A lot of the talk surrounding plastic pollution focuses on its impact on marine ecosystems. But there may actually be more microplastic pollution in the soil than in the ocean, according to UN research.
“The report serves as a loud call for decisive action to curb the disastrous use of plastics across the agricultural sectors,” FAO deputy director general Maria Helena Semedo wrote in the report foreword.
Plastics are used in agriculture for a variety of purposes, from mulching films to plastic tree guards to controlled-release fertilizers coated with polymers. In fact, world agriculture used 12.5 million tonnes (approximately 13.8 million U.S. tons) of plastic for plant and animal production in 2019 and 37.3 million tonnes (approximately 41.1 million tonnes) for food packaging the same year.
While plastic can be beneficial to agriculture, its widespread use also raises concerns about its impact on public health and the environment when it degrades.
This is especially concerning for the world’s soils. When microplastics from mulching film build up in surface soils, for example, they reduce agricultural yields. There is also a concern that microplastics in agricultural soils could work their way up the food chain to harm human health. Some plastics contain toxic chemicals themselves, and plastics can also collect and transport diseases and chemicals when they enter the ocean.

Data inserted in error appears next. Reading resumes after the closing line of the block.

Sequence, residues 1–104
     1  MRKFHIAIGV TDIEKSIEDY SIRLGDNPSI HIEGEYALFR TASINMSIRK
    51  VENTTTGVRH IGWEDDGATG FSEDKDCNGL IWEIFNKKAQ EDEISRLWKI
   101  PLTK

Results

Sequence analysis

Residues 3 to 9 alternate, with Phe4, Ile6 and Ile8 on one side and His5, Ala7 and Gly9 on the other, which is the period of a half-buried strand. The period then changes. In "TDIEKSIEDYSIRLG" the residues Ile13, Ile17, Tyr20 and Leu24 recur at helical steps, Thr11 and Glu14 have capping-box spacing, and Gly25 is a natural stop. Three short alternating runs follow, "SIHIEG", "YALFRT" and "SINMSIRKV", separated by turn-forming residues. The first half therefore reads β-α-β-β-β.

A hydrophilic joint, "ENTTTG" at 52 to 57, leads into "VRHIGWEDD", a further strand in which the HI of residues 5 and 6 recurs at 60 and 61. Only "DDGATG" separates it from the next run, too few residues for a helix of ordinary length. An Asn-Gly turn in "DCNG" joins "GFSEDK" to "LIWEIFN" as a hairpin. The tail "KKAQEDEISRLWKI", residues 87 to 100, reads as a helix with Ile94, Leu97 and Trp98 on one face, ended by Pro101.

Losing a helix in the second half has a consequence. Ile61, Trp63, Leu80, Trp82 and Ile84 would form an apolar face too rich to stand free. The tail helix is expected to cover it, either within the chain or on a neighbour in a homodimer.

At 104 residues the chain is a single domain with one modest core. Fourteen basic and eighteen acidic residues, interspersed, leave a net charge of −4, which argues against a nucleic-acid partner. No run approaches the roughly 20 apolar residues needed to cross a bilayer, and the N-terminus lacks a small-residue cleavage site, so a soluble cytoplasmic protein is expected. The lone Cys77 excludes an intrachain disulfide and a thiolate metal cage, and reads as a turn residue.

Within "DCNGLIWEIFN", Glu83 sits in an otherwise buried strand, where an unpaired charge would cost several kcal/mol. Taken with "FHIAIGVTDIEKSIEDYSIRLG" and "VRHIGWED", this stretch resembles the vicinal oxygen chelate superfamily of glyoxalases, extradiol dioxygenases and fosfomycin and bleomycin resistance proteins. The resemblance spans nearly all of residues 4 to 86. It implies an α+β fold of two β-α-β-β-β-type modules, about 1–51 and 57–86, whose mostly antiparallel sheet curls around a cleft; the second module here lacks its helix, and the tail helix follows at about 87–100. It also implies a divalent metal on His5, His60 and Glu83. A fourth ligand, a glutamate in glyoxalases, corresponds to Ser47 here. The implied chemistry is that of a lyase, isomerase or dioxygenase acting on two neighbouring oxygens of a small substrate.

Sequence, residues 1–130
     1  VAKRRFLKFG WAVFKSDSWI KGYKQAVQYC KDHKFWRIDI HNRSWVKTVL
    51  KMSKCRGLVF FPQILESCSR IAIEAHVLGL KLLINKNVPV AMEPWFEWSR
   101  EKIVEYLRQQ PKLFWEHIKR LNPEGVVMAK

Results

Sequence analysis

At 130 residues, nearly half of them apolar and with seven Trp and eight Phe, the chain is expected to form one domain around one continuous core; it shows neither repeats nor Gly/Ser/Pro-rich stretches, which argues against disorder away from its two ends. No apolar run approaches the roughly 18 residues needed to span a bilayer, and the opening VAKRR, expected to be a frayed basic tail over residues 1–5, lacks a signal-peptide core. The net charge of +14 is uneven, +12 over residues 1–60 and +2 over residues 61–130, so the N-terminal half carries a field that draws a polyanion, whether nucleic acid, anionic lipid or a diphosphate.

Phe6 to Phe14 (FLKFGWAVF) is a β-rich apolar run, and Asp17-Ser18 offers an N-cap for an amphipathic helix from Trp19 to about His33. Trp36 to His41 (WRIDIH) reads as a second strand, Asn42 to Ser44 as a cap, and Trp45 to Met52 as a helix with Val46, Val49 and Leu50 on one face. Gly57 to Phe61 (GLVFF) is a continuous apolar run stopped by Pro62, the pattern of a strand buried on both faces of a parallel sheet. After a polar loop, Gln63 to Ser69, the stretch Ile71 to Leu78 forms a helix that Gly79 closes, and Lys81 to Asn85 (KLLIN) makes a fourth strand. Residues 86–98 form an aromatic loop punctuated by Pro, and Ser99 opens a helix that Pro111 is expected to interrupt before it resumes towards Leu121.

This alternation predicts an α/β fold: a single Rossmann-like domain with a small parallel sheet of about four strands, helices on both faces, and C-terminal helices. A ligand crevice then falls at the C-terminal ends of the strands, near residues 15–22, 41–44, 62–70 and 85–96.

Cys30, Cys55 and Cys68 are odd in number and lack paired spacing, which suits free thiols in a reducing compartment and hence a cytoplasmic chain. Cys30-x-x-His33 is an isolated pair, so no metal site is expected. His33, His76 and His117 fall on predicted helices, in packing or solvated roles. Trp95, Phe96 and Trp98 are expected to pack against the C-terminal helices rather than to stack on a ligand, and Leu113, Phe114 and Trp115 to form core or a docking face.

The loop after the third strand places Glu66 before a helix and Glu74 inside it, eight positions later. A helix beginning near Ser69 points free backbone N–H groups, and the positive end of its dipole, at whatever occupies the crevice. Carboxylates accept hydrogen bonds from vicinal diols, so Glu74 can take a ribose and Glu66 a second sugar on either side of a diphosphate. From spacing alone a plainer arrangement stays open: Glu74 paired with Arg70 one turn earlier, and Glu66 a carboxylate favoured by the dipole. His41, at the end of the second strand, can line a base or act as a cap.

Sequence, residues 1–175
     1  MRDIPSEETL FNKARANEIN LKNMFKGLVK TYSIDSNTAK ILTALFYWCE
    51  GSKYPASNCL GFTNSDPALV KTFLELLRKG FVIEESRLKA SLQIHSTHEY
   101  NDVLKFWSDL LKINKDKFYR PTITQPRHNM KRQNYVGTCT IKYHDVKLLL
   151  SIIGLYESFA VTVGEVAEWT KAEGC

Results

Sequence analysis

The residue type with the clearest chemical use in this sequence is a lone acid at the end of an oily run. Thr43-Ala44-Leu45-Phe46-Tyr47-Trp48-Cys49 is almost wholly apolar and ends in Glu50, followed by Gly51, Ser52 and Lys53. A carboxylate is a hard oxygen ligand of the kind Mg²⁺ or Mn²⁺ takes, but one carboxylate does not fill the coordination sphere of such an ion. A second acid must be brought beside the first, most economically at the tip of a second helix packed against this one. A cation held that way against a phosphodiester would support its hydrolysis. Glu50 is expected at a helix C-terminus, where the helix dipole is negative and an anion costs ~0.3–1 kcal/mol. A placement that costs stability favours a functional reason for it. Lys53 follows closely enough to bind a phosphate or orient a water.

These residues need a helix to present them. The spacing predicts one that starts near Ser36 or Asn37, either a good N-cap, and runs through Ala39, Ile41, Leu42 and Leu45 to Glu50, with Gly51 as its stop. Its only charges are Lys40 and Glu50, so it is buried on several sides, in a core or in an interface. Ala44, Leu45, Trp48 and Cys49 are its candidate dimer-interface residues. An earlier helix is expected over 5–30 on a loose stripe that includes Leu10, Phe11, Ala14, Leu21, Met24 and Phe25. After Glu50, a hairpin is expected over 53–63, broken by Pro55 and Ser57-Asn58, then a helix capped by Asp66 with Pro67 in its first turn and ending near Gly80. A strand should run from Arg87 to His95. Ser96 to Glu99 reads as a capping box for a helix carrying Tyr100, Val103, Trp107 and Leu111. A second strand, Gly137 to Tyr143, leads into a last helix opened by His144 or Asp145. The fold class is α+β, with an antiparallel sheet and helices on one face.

University of Sheffield professor Jonathan Leake told The Guardian that there was evidence that plastic pollution in the soil harms earthworms, which are important for soil health.
“Plastic pollution of agricultural soils is a pervasive, persistent problem that threatens soil health throughout much of the world,” he said. “We are currently adding large amounts of these unnatural materials into agricultural soils without understanding their long-term effects.”
The UN agreed that more research is needed to understand how plastic pollution is impacting the world’s soils.
“The trouble is we don’t know how much long-term damage the breaking down of these products is doing to agricultural soils,” Mahesh Pradhan, coordinator of the UN Environment Programme’s (UNEP) Global Partnership for Nutrient Management, said in a recent statement. “We need to develop standardized methods of detecting microplastics in soil to better understand how long they remain there and how they change over time.”
The FAO report also called for improving the management of agricultural plastics through “the 6R model” – refuse, redesign, reduce, reuse, recycle and recover. More specifically, potential solutions could include changing practices to phase out plastic altogether, replacing plastics with biodegradable alternatives or designing better ways to manage or reuse plastic waste.
Innovation is also a possible solution, Kristina Thygesen, a senior expert at GRID Arendal who is collaborating with UNEP on agricultural plastics, said.
“Right now, a farmer might use plastic to control weeds, but maybe a small machine could be developed that can recognize weeds and remove them,” she said in the UNEP statement. “We live in a high-tech world, and we can find solutions if we really want to. We need to develop a new generation of agricultural technology.”
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